Expecting to hire more than 8,000 pilots in the next decade, Delta Air Lines unveiled the Propel Pilot Career Path Program at Embry-Riddle Aeronautical University in Daytona Beach. The Delta Propel program will give qualifying student pilots interested in careers at Delta a direct pathway from college to a Delta flight deck.
In a packed College of Aviation atrium with students filling the balconies, Delta pilots, including two Embry-Riddle alumni, explained to students how the partnership with Embry-Riddle’s Daytona Beach and Prescott, Arizona campuses will provide them with a defined, accelerated career path for juniors and seniors who are accepted into the program and pass testing and qualification requirements.
“You can look at Propel as the first on-ramp to Delta,” said Capt. Steve Dickson, former senior vice president of Flight Operations for Delta.
The Propel program, which includes Embry-Riddle and six other initial partner universities, is just one way to become a Delta pilot, officials said. The program will supplement the airline’s current recruiting structure, which includes recruiting and hiring pilots currently flying in the airline, military and corporate sectors.
“What this relationship is about is opportunity,” Dickson said. “Delta is only partnering with the best.”
Students who are accepted have their choice of three unique career routes and an accelerated timeline to progress to Delta, in 42 months or less, after:
Dr. Michael E. Wiggins, professor and Aeronautical Science department chair, told students the program is a “game-changer” for the industry.
“We are so proud to be a part of this program,” added Embry-Riddle President Dr. P. Barry Butler, who described Propel as “perfect for Embry-Riddle and perfect for Delta.”
Lon D. Moeller, provost and senior vice president for Academic Affairs, said the program will raise Embry-Riddle’s relationship with Delta to a much higher level and provide a great example of working with industry to address the pilot shortage.
Embry-Riddle flight students who have begun applying for the program see Delta’s Pilot Career Path Program as a way to get closer to their dreams of flying for a commercial airline. Many stayed after the presentation to talk to Delta representatives, including First Officers and Pilot Outreach Managers Brent Knoblauch and Ashish Naran, along with alumni and First Officers Kimberly Ewing and Cristoffer Dalmau, who will be college liaisons working with Embry-Riddle students who are accepted into the program.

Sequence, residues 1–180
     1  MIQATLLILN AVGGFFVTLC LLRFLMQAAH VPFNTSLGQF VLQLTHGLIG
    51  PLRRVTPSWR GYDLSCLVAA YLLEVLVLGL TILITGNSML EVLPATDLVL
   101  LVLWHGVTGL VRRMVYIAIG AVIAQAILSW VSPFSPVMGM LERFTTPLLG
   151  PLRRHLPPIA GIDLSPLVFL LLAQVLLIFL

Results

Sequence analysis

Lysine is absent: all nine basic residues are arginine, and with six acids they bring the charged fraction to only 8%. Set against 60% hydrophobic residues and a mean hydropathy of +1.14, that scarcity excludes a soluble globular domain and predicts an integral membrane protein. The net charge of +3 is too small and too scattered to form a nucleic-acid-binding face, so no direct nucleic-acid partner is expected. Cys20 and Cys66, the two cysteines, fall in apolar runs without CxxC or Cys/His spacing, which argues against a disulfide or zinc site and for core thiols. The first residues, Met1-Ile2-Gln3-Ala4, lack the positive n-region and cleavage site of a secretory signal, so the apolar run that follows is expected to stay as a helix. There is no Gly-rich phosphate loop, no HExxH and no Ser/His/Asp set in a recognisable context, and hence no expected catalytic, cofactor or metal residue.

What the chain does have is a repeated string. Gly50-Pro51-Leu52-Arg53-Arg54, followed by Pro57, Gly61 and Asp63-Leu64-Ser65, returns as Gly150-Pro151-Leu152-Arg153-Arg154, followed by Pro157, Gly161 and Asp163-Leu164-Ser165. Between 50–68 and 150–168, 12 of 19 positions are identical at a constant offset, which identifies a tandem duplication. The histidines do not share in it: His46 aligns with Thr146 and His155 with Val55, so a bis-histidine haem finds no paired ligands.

Aeronautical science junior Ryan Burrow has already applied for the program and thinks it gives students an opportunity to “see light at the end of the tunnel” knowing they will have a more accelerated path to Delta.
Jade Lubinski, an Embry-Riddle certified flight instructor and senior Aeronautical Science major, who is graduating in December, is hopeful she will be accepted. A flight operations intern for Delta last fall, Lubinski has several conditional job offers with regional airlines, but said that being part of Propel will give her a Delta mentor to work with and ensure a path to Delta after she flies for the regional airlines.
“I think this program is phenomenal. I think it’s great they are being so aggressive targeting college students,” she said. “This is more personalized because you are receiving a mentor and they already know your whole background.”
Embry-Riddle flight instructor and senior Ryan O’Donnell also thinks the program may make his career path “smoother and less stressful” so he can financially plan for his future. He is graduating in the fall and has an offer to fly for Endeavor Air, Delta’s wholly-owned regional airline.
Delta will accept applications twice a year in the Propel program. The current application window ends Sept. 5.